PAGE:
ICJ reserves verdict over Pakistan's request seeking adhoc judge replacement

Published: February 19, 2019
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Self-confessed Indian spy Kulbhushan Jadhav. PHOTO: FILE

Self-confessed Indian spy Kulbhushan Jadhav. PHOTO: FILE

ISLAMABAD / THE HAGUE: As the International Court of Justice resumes public hearing of the Kulbhushan Jadhav case at The Hague on Tuesday, Islamabad submitted request to appointment a replacement for Pakistan’s adhoc judge former chief justice Tassaduq Hussain Jillani.

“We have been told that Jillani is unwell. We wish him a speedy recovery,” said Pakistan’s Attorney General Anwar Mansoor Khan. Expressing eservations over Jillani’s absence from the bench, he stressed that a state had the right to appoint an adhoc judge.

“Pakistan is prepared to present its case,” he added.

The ICJ began hearing the case in the absence of Pakistan’s adhoc judge and directed the delegation to continue arguments. The bench reserved verdict on Pakistan’s request. The president says court will respond to Pakistan’s queries in due time.

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In his arguments, Khan said India backed terrorist elements and sent spies in Pakistan. “Pakistan is fighting the war against terrorism despite being a victim of terrorism.”

“Many lives have been lost due to India’s interference and malicious acts. Jadhav worked for RAW – he was sent to incite militancy in Gwadar, Karachi. He confessed before a magistrate that he was involved in terrorist activities in Pakistan. India is funding terrorist-elements against Pakistan.”

The attorney general recalled militant attacks in Karachi. “New Delhi is using Afghan soil to propagate violence across the border.

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Indian counsel ducks key questions on Jadhav

Jadhav was captured in Balochistan in March 2016. He confessed to his association with the Indian intelligence agency – Research and Analysis Wing (RAW) — and his involvement in espionage and fomenting terrorism in Pakistan. Subsequently, the 48-year-old was sentenced to death by a Pakistani military court on charges of spying and terrorism in April 2017. In May 2017, India moved the ICJ against the verdict.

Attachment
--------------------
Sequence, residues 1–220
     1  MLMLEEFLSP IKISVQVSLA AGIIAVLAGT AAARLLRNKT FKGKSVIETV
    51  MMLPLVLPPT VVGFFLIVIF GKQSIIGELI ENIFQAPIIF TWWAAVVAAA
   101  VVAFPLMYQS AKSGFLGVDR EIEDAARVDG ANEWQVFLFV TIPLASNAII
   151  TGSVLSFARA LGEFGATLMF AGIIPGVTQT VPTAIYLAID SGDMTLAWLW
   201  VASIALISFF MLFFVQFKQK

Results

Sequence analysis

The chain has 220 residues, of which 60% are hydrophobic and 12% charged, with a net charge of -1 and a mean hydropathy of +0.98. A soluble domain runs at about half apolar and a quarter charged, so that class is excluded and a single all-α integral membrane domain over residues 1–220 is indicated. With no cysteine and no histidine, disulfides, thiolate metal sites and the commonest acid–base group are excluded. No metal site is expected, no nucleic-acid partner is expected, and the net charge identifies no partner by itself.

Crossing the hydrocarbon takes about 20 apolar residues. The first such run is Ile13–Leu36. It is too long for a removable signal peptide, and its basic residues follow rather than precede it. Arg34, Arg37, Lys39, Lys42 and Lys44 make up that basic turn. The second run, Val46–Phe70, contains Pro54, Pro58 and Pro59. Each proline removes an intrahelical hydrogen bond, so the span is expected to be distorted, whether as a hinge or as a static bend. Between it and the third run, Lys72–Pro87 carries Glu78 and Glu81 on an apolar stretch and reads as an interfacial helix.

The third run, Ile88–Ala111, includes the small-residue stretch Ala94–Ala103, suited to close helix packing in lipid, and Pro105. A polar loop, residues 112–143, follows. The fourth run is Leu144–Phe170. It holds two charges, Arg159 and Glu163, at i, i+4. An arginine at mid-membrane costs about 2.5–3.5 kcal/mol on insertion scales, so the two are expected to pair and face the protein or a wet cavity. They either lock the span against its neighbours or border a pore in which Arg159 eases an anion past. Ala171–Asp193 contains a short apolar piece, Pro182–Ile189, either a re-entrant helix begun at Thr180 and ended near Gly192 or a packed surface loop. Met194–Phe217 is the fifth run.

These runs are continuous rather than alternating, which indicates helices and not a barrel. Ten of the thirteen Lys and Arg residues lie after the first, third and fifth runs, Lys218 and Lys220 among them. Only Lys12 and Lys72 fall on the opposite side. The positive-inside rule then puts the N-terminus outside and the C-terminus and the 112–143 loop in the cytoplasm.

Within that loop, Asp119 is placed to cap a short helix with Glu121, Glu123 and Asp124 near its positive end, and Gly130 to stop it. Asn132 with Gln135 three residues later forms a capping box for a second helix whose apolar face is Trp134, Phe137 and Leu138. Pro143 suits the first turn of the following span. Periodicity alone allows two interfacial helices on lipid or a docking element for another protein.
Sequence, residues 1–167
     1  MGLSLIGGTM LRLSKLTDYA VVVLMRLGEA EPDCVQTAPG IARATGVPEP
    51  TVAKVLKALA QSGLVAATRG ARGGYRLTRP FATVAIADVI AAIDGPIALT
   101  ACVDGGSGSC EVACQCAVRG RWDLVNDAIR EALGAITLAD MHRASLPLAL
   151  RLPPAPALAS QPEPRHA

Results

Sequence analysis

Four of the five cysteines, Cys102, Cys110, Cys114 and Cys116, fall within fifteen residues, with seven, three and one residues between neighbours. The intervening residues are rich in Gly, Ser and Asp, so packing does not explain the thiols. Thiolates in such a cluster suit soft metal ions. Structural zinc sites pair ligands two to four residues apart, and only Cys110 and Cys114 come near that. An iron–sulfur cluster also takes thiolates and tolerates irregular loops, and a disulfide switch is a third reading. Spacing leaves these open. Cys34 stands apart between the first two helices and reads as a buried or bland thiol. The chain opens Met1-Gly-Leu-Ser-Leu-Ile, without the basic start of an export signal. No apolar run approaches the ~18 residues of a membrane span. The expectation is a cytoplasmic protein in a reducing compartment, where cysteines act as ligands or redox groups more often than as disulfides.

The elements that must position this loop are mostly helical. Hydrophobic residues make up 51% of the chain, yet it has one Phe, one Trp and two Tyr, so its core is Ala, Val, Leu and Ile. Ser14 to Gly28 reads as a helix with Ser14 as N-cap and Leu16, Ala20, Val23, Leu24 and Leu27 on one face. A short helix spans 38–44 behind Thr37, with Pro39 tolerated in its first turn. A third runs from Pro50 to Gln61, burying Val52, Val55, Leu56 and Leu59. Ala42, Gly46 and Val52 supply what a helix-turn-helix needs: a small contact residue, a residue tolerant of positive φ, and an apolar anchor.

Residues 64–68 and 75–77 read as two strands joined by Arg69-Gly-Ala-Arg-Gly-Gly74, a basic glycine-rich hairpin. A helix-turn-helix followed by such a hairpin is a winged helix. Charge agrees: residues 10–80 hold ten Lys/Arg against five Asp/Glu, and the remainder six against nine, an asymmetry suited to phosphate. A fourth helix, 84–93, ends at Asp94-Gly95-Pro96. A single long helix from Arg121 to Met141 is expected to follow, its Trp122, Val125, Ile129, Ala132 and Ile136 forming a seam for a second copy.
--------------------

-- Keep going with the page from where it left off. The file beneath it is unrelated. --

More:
A delegation led by Attorney General for Pakistan Anwar Mansoor Khan and comprising Foreign Office Spokesperson Dr Mohammad Faisal, Director Foreign Affairs Fareha Bugti, Pakistan’s Ambassador to the Netherlands Shujjat Ali Rathore and others, is in The Hague to represent Pakistan’s case. Indian Ministry of External Affairs officials Deepak Mittal, VD Sharma, S Senthil Kumar and Sandeep Kumar, and India’s Ambassador to the Netherlands Venu Rajamony comprise India’s delegation at the ICJ.

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ICJ set to hold public hearings in Jadhav case

On Monday, Indian counsel Harish Salve, who presented his arguments for three hours, mainly focused on alleged denial of consular access to Jadhav during his trial in the military court of Pakistan which awarded him a death sentence.

India also disputed Jadhav’s trial by a Pakistan military court. Salve said that even the EU and other international forums have criticised military courts which were “not independent and impartial”.

ICJ to hold public hearings in Jadhav case from Feb 18

The Indian side is demanding the ICJ to order the “return” of Commander Jadhav to New Delhi. However, Pakistan says, the ICJ has repeatedly stated that it is not a criminal court of appeal. It has so far made it clear in all its decisions that, even if consular access was denied, the proper order is an effective review and reconsideration by local courts.

The Pakistani counsel has questioned the Indian demand of an order for Jadhav’s “return” in the face of the ICJ’s decision and independent expert evidence confirming Pakistan has effective review and reconsideration before the High Court and Supreme Court.

According to Qureshi, India has also failed to explain why the Agreement on Consular Access between India and Pakistan dated May 21, 2008 (which India drafted), and which provides (at Article (vi)) for either State to be entitled to consider a request for consular access “on its merits” where it involves a person implicated in national security matters, does not apply in this case.

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